Australia's job market: How robust is it really?

Jobs are an important element of the housing market equation. Without a job it’s hard to keep up mortgage payments or apply for a loan and the same can be said when the hours worked are too few. A weaker jobs market will generally translate to less wages growth and less upwards pressure on dwelling values. So it’s encouraging to see Australia’s labour market remains fairly tight, at least from an international standpoint.

The labour market data for October which was released by the Australian Bureau of Statistics last week showed a headline seasonally adjusted unemployment rate of just 5.7% which is unchanged from September after an upwards revision over the month. As some international comparisons, unemployment in the USA is 7.2%, the Euro area is at 12.2%, United Kingdom has an unemployment rate of 7.7%, New Zealand is at 6.2% and Canada is recording unemployment of 6.9%. There are plenty of counties with a lower rate of unemployment than Australia’s (for example, Japan at 4.0%, Germany at 5.2%, China at 4.0%, Switzerland at 3.0%), however Australia’s jobs market is looking OK at face value.

National unemployment rate

Taking a look below the headlines though shows some aspects of the labour market which are softening.

For a start, at a national level there were no full time jobs created over the past 12 months. The total number of jobs created over the twelve months to October 2013 was 89,200 of which there were 59,500 fewer full time jobs and 148,700 more part time jobs. The last time we saw such a divergence in full time versus part time jobs creation was back in 2008.

Annual change in number of full time and part time jobs

At a state level we can get a clearer idea of where the jobs are being created and lost (note that the below data isn’t seasonally adjusted). It’s encouraging to see that Queensland, where the jobs market has been patchy since the onset of the GFC, has recorded the highest level of jobs growth with 53,500 new positions over the past year. That equates to more than half the national total which is a very positive sign for the Queensland economy and housing market. Victoria is showing the second largest number of new jobs at 25,700 followed by Western Australia (18,400) then New South Wales (10,800). There were 13,600 fewer jobs in South Australia and 5,600 fewer jobs in Tasmania.

Number of jobs created over past twelve months

Analysing the data across full time and part time jobs creation gets a bit more interesting. Just to qualify this data before going into the detail, the Australian Bureau of Statitics classifies a part time job as one where the worker has worked for less than 35 hours over the week. So the definition is quite liberal. The downturn in full time jobs creation was caused almost entirely by a reduction of full time jobs in New South Wales where there were 48,700 fewer full time workers over the year. In balance, the level of part time jobs growth was the highest of any capital city, however the reduction in full time employment is disturbing and potentially is another factor why first time buyers are such a small proportion of the NSW housing market.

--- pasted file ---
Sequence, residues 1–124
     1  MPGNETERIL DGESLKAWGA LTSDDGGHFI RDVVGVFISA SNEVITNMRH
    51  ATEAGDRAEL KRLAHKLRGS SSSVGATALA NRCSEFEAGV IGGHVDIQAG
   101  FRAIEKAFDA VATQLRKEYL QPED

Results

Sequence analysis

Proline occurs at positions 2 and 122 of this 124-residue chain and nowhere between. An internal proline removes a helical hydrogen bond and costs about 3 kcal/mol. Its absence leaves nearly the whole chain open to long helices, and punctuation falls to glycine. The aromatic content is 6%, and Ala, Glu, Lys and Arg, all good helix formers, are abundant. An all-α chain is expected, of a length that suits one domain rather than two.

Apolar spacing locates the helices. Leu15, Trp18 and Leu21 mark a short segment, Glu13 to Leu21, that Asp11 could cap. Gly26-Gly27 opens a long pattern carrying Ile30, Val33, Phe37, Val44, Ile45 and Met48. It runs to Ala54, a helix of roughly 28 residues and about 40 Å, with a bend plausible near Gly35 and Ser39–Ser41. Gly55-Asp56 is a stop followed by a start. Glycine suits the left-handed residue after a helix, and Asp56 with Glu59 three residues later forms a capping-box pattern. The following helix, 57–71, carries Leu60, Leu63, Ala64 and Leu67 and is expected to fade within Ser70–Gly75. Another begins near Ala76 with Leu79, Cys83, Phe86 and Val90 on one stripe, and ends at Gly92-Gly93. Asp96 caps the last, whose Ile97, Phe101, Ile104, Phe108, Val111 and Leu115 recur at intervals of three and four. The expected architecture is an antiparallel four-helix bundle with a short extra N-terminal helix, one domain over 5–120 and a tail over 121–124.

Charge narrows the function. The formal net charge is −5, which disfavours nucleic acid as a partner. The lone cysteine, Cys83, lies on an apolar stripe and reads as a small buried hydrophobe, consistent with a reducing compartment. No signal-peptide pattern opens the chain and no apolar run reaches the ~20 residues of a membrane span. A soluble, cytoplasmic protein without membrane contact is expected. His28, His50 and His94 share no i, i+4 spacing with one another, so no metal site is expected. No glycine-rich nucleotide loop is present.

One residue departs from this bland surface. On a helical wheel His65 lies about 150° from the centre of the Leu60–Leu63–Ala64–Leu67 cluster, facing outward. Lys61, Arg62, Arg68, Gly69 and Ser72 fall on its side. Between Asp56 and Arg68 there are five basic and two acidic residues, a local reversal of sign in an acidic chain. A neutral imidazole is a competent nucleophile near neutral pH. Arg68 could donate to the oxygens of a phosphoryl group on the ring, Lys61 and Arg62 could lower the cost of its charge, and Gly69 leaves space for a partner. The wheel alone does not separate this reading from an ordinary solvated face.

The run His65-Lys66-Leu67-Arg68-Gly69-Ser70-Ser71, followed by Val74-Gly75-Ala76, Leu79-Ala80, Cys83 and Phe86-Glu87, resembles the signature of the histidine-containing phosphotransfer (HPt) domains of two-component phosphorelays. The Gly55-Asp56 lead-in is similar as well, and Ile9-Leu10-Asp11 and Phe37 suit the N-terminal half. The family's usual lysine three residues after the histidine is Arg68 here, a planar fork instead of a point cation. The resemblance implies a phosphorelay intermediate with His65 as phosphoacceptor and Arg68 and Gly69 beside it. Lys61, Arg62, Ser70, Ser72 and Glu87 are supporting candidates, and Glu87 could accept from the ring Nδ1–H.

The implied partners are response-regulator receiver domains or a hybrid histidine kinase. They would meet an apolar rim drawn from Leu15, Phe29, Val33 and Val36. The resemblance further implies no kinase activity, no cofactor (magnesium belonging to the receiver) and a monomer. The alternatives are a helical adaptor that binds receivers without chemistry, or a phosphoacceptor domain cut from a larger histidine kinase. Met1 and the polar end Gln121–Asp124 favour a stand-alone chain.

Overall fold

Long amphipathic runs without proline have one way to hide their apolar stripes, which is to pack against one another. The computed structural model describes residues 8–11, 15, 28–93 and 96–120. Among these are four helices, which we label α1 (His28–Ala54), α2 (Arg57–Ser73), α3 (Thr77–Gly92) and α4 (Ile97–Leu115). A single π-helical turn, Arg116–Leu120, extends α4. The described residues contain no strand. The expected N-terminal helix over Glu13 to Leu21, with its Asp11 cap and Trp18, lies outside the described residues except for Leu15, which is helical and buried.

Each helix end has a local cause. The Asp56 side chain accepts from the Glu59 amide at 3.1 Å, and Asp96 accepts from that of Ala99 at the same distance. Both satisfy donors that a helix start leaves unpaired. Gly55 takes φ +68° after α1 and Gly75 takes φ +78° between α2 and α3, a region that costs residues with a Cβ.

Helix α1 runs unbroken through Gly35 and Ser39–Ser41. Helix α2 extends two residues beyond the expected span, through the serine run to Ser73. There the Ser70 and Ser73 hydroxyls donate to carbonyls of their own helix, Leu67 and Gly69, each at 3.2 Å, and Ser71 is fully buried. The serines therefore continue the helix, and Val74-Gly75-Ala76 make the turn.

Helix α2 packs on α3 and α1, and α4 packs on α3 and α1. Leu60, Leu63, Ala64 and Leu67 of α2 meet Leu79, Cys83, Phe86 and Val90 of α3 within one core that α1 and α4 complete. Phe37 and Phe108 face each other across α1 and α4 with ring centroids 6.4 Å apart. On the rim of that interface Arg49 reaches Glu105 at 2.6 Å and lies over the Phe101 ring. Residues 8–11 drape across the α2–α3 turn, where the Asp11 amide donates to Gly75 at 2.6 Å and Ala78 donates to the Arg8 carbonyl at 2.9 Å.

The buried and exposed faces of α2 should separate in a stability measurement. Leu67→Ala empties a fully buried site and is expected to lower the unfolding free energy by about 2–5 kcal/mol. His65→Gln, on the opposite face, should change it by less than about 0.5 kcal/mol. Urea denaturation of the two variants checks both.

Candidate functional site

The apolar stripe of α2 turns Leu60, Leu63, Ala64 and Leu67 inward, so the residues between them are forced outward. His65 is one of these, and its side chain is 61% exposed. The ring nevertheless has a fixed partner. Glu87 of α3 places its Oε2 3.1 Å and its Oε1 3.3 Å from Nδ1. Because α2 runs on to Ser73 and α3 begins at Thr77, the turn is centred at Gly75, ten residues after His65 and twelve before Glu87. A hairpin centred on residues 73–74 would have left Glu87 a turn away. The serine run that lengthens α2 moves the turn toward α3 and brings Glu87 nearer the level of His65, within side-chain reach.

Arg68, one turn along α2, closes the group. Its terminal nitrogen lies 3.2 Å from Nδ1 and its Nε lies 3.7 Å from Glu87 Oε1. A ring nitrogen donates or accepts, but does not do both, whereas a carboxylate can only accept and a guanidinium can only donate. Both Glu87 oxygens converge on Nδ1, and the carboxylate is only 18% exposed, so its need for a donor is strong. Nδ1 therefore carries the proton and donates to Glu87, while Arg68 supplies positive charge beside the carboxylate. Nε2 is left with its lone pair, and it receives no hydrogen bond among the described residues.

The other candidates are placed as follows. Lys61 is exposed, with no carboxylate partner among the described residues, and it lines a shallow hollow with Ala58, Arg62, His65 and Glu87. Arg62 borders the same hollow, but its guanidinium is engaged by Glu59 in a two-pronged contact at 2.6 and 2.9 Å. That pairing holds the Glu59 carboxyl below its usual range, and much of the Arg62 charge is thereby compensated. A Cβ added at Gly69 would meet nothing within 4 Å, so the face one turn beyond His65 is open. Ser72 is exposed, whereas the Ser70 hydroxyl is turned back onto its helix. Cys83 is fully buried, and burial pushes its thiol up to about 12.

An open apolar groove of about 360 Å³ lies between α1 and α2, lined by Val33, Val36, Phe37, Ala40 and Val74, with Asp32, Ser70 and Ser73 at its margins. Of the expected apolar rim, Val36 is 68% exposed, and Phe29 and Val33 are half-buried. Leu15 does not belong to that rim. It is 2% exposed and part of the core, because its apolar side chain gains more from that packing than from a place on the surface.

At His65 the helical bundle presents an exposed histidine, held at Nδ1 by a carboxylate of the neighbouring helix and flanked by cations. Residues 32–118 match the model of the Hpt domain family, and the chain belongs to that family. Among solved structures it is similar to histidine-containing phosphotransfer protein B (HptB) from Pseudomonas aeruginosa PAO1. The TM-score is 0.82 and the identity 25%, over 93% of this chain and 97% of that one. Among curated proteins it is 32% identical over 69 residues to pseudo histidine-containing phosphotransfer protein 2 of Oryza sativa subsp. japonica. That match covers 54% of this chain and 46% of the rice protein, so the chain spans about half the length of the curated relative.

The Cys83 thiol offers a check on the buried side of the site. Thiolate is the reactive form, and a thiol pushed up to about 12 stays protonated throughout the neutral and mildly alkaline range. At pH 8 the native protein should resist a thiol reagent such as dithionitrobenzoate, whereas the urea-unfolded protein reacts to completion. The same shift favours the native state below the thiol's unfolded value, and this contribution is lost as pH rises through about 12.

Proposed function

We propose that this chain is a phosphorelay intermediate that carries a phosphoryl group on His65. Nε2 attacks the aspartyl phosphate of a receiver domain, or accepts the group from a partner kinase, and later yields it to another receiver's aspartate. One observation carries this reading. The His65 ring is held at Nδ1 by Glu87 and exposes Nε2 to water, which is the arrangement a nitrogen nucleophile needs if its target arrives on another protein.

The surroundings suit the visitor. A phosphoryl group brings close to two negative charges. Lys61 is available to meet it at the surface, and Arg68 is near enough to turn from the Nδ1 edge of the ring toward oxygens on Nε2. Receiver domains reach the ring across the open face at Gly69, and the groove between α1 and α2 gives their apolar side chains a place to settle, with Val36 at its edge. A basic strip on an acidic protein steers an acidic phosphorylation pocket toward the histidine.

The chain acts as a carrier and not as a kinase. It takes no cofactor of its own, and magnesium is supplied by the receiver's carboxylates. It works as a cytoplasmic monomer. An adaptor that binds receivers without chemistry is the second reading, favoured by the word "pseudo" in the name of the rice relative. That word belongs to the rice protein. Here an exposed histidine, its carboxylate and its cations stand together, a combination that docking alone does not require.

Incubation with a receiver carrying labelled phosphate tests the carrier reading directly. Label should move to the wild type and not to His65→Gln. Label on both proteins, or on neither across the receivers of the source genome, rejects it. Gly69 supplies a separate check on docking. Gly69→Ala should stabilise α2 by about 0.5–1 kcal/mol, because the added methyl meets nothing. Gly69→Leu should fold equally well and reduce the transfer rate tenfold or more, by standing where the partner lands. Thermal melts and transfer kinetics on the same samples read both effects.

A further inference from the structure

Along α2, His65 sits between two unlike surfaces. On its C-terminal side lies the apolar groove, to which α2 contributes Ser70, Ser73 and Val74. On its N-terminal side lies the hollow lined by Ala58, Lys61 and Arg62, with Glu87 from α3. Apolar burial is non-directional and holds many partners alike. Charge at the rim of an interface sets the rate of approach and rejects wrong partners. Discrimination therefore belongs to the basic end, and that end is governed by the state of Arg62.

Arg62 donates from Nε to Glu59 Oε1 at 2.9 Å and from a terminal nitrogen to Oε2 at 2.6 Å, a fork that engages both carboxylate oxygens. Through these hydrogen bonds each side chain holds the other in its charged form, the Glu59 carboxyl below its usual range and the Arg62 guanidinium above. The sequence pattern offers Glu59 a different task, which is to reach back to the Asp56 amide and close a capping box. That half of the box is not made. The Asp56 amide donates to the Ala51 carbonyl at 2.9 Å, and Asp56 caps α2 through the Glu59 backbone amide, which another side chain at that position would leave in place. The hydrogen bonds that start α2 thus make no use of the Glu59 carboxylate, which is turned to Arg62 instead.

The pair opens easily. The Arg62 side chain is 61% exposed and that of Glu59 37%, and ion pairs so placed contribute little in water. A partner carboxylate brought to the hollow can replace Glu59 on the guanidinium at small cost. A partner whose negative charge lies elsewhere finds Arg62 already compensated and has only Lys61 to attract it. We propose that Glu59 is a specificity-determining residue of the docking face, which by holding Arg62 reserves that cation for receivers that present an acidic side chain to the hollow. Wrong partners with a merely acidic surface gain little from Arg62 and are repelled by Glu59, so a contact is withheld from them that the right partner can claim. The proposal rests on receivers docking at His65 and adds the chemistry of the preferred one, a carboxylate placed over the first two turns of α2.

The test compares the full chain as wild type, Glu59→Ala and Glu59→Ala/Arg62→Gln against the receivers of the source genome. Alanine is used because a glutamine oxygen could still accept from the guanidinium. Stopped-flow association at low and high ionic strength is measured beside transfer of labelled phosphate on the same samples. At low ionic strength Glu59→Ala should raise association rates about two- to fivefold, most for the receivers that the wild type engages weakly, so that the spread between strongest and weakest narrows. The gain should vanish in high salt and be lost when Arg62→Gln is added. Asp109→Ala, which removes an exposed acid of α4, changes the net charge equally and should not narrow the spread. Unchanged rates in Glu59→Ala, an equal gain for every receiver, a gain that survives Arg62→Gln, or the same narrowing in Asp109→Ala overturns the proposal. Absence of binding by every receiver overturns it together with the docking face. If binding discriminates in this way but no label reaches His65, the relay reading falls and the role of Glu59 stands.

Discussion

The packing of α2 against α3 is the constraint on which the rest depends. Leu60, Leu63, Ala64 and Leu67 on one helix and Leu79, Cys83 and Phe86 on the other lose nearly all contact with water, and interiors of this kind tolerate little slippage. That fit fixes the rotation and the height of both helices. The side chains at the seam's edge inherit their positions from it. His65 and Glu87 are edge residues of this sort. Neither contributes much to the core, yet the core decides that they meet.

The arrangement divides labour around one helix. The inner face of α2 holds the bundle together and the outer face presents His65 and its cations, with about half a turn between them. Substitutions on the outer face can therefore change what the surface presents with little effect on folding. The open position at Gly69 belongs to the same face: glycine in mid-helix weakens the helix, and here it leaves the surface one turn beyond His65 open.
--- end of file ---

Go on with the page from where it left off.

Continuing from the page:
Queensland, where overall jobs creation has been the strongest over the past year, recorded only 5,100 new full time jobs over the year, or about 9.6% of the total number of new jobs.

Victoria created the most new full time jobs (11,400 over the past year) and shows the best split between full time and part time jobs creation (44% of new jobs were full time and 56% of new jobs were part time).

Annual change in number of jobs, full time versus part time

Part time workers as a proportion of the total number of jobs reached a new record high in October, comprising 30.5% of the jobs pool. Despite the rise in business confidence since the federal election, the labour force data suggests that tough business conditions are causing employers to remain reluctant to make long term employment commitments at the moment.

Proportion of part time workers employ3ed

Another factor that suggests the jobs market isn’t quite as buoyant as what the headline figures would suggest is the participation rate which has been trending lower since November 2010. Participation in the labour force has moved from 66.0% in November 2010 to 64.8% in September and October this year. Clearly we are seeing more eligible members of the labour force ‘opt out’ due to either early retirement (the ageing baby boomer cohort is no doubt fuelling the lower participation rate) or frustration with an inability to secure a job.

Without a lower participation rate the jobless rate would have certainly moved higher. Westpac have suggested that if the participation rate hadn’t slipped lower over the past six months the current rate of unemployment would be 6.5% nationally.

Labour force participation rate

An interesting feature of the declining participation rate is that it is being dragged lower primarily by males, rather than females, leaving the work force.

Participation rate males v females

The official forecast from Treasury is that the national unemployment rate will peak at 6.25% in June next year. If the participation rate continues to fall the official national jobless rate might not reach this high despite what appears to be softer underlying labour market conditions.

It’s worthwhile reminding that unemployment is a lagging indicator; higher unemployment comes after weaker economic conditions. Leading indicators such as dwelling approvals, consumer and business sentiment, share market performance and number of hours worked have shown a much more positive flow over recent months suggesting that labour markets may benefit from these improved business conditions in the future.

Tim Lawless is national research director of RP Data.


Tim Lawless

Tim Lawless

Tim Lawless is national research director of CoreLogic RP Data.

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